Irish Math: Harangody + 3pt shooting =Victory

The Fighting Irish have a simple formula for winning these days. Score inside. Score outside. Go home. Repeat. For most teams, this is a lot harder than it sounds, but it hasn't been for the team from South Bend this season.

Notre Dame defeated Seton Hall 95-69 Wednesday night in South Orange, improving their record to 17-4 overall and 7-2 in Big East play. The Irish shot 54 percent for the game and sank their first 12 shots. Since losing at home to Marquette on January 12, the Irish have gone 5-1, falling only to first-pace Georgetown and scoring over 80 points in each victory.

The Irish are dangerous because they have two ways to beat teams. They can either pound it inside with their 250-pound farm boy, Luke Harangody, or they can rely on a cadre of three-point marksmen, led by junior Kyle McAlarney. Together, Harangody and McAlarney have held Big East player of the week honors since mid January.

A good three-point shooting performance and a solid effort inside from Harangody usually go hand-in hand. With Harangody established inside, teams are forced to collapse or double-down in the paint, opening up shooters outside. And when Harangody's supporting cast is dialed in from outside, opposing defenders must spread farther and close out on the perimeter, making the entry passes inside that much easier.

Against DePaul, an 89-80 Irish win, it was Harangody scoring early and often. The big man scored Notre Dame's first nine points on his way to 29 for the game. He added 14 rebounds, and his efforts on the glass were a big part of Notre Dame's 30-10 edge in second-chance points. The Irish shot 36 percent from three in this game, with McAlarney going 5-13 by himself.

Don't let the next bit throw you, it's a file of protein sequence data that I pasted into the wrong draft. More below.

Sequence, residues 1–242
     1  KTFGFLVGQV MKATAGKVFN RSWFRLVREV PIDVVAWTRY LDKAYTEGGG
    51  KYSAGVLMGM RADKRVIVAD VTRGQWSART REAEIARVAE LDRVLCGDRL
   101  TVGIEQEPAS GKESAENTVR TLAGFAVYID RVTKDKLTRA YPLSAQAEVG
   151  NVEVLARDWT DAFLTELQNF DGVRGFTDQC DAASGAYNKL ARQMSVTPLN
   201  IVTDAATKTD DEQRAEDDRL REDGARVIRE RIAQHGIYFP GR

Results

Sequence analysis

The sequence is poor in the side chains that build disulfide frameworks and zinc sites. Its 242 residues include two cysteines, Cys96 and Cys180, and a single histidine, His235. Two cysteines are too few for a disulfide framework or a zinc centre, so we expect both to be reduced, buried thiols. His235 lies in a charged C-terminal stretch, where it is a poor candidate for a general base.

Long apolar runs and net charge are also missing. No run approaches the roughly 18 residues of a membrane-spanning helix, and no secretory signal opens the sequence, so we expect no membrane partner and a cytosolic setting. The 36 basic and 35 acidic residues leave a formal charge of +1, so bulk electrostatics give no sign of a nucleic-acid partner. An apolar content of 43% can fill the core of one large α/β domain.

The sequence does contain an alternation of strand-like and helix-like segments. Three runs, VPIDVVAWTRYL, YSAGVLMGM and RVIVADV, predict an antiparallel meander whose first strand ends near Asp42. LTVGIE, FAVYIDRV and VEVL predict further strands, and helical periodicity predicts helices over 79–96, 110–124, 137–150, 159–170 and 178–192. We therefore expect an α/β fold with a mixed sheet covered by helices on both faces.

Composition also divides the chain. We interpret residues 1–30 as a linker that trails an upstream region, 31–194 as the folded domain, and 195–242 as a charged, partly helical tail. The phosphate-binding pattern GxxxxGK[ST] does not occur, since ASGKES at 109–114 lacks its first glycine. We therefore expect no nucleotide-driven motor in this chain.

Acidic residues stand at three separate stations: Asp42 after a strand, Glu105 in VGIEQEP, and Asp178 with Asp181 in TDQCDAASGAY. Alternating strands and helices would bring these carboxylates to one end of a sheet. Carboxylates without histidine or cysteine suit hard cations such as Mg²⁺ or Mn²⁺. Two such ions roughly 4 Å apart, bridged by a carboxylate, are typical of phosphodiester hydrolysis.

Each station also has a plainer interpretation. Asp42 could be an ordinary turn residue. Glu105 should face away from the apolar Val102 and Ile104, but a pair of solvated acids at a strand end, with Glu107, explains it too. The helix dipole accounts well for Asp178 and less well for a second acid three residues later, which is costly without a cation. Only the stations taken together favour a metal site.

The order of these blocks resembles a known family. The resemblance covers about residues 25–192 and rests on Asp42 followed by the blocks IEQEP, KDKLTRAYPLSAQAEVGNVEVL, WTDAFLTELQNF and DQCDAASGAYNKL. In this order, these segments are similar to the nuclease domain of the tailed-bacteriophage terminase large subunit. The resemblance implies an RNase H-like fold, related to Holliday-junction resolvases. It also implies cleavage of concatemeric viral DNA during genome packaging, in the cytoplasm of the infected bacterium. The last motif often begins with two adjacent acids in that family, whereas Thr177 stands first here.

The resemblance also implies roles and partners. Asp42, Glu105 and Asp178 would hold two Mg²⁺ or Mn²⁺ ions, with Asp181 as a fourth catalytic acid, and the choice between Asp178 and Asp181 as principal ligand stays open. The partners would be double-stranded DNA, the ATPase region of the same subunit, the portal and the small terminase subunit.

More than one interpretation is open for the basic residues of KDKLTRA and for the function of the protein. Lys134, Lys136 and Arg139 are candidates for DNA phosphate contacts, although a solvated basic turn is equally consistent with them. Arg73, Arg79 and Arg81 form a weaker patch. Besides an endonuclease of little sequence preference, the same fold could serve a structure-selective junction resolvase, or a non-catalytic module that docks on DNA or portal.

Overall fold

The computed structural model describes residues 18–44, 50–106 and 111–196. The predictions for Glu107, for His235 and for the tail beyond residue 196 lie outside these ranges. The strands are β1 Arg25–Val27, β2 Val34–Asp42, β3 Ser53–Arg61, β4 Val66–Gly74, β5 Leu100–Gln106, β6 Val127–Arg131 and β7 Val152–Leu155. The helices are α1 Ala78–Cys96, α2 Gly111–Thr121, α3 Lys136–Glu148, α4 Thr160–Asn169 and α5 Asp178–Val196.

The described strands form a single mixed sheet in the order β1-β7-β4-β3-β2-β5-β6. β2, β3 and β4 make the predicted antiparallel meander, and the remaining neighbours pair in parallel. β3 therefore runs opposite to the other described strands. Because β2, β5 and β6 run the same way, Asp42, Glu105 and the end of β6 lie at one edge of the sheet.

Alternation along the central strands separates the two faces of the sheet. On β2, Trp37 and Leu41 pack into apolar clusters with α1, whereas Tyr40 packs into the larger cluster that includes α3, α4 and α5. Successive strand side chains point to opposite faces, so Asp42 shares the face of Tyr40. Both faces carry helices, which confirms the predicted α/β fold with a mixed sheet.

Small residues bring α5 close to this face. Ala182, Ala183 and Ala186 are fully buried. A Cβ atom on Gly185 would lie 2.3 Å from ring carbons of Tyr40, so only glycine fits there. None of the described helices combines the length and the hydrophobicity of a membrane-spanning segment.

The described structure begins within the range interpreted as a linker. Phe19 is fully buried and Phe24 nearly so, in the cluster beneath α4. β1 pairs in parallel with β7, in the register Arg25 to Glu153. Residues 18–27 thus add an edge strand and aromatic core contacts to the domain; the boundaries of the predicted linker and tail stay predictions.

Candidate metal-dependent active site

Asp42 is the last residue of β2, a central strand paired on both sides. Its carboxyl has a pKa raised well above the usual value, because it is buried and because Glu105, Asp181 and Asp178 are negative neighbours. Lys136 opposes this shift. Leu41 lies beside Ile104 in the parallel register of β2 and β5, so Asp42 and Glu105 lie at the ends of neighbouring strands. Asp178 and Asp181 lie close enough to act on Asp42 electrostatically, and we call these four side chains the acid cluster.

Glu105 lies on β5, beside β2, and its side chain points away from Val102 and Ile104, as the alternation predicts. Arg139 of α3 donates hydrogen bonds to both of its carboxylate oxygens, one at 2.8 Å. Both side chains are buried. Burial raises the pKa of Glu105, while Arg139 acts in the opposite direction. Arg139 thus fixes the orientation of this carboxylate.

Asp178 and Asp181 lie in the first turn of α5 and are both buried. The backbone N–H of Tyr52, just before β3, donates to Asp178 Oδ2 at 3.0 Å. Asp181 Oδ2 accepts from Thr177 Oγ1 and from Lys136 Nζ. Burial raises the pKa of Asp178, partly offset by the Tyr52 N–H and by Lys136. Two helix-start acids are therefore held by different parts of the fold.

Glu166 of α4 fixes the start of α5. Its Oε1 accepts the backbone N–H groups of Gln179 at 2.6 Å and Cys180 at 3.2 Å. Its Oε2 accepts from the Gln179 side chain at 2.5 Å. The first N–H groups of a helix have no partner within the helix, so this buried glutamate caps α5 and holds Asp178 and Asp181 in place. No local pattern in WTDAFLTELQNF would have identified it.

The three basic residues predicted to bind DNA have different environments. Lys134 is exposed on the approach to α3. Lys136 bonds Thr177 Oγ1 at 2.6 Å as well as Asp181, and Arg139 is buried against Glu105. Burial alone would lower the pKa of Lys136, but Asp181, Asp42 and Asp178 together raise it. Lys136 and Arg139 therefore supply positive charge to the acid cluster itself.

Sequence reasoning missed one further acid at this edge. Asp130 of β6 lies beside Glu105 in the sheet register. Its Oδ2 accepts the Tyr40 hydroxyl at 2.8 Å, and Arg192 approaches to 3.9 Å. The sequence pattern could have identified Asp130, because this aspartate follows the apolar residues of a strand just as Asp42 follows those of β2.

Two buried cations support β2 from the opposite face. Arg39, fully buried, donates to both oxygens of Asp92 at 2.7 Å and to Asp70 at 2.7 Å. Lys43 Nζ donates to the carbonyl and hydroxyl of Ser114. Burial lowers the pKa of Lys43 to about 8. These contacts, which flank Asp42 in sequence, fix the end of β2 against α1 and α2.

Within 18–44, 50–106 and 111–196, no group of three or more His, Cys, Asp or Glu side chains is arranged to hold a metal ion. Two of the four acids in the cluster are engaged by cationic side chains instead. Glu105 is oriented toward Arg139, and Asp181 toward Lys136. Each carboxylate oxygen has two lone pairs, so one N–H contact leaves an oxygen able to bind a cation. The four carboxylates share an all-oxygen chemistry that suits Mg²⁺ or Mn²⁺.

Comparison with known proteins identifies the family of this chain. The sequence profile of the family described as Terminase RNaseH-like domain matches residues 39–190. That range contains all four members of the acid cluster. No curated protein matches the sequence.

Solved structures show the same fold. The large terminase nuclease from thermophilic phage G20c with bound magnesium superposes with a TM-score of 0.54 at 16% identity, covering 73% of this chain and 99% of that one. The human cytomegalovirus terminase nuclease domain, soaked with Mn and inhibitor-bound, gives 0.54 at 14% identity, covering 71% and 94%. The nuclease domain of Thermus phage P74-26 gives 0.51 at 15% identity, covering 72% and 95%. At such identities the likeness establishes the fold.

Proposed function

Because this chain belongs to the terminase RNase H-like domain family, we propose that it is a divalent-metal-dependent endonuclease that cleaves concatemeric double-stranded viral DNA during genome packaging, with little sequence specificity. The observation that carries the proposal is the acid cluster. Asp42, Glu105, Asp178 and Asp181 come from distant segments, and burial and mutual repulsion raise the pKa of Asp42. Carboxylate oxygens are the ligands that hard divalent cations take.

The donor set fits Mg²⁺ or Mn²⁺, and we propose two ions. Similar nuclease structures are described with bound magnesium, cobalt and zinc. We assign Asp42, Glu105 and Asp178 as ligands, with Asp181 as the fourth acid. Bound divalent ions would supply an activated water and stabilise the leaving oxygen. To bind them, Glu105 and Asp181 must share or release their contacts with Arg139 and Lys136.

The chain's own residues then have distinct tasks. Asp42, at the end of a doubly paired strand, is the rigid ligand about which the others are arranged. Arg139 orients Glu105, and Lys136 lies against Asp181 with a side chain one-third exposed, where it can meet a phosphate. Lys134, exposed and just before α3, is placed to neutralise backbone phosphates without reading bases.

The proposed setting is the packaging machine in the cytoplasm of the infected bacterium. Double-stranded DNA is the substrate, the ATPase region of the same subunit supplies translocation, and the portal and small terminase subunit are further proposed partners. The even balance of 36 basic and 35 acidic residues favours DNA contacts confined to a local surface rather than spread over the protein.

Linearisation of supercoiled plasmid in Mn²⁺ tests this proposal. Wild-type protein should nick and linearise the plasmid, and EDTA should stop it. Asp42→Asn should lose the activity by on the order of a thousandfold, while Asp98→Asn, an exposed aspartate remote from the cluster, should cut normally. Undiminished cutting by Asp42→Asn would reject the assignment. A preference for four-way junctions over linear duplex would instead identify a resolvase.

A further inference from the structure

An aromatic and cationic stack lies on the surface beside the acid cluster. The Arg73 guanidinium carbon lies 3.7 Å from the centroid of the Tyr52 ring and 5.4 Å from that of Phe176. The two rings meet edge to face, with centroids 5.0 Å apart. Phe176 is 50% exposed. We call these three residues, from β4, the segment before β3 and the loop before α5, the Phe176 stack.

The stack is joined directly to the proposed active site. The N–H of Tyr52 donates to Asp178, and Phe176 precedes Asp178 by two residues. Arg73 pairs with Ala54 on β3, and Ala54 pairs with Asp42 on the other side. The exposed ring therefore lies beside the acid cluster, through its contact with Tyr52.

"Luke's second chance points that he gives us is such a huge lift," said McAlarney. "His energy and emotion out there and his will to get his hands on the ball is something that no one else can do in this league."

Cincinnati was a true double-team effort as well, with the team shooting a whopping 53 percent from beyond the arc and Harangody tallying 25 points. The Irish won 91-74, their biggest win in conference play until Wednesday's thrashing of Seton Hall.

Against the Pirates, Harangody tallied 22 points and 13 rebounds while McAlarney hit five three-pointers en route to 19 total points. The Irish shot 47 percent from beyond the arc and out-rebounded Seton Hall 44-29.

Lately, even when one part of the equation falters, the other is usually able to pick up the slack.

For example, Harangody carried the Irish in an 81-74 win over Providence in which the Irish did not shoot particularly well. Harangody rampaged for a career-high 31 points and 14 rebounds. Notre Dame shot just 31 percent from beyond the arc, including 0-6 from deep in the fourth quarter, and McAlarney shot just 3-11 for eight points. However, a clutch 2-3 from deep in overtime was a big part of the win.

By contrast, in a 90-80 win over Villanova, it was Notre Dame's three-point shooting that got them going. The Irish made 47 percent of their treys in this game, and although Harangody went for 25 and 10, he didn't score his first basket until 6:44 remained in the first half. McAlarney was the game's leading scorer with 30 points on 10-15 shooting (5-8 three-point shooting).

On the flipside, nothing was working against the Hoyas. The Irish shot only 28 percent from long-range (and only 32 percent from the field) and Harangody was held to 13 points on 3-11 shooting.

The last time Marquette played Notre Dame, they were able to cool the Irish perimeter game, while using a shooting onslaught of their own to overcome what was then a career day for Harangody. With the second meeting of the year set for the Joyce Center, the Golden Eagles will have their work cut out for them trying to upset the balance of the Irish offense. The two teams tip off at 11 a.m. CST Saturday.


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